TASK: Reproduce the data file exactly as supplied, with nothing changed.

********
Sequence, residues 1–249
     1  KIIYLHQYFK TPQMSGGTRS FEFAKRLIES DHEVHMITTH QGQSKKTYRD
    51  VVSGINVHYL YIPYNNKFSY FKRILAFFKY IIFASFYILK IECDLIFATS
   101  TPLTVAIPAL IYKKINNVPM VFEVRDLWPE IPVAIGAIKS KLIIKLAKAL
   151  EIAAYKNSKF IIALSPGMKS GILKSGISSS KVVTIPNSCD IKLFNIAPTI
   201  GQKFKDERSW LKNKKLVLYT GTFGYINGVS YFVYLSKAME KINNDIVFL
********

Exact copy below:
Sequence, residues 1–249
     1  KIIYLHQYFK TPQMSGGTRS FEFAKRLIES DHEVHMITTH QGQSKKTYRD
    51  VVSGINVHYL YIPYNNKFSY FKRILAFFKY IIFASFYILK IECDLIFATS
   101  TPLTVAIPAL IYKKINNVPM VFEVRDLWPE IPVAIGAIKS KLIIKLAKAL
   151  EIAAYKNSKF IIALSPGMKS GILKSGISSS KVVTIPNSCD IKLFNIAPTI
   201  GQKFKDERSW LKNKKLVLYT GTFGYINGVS YFVYLSKAME KINNDIVFL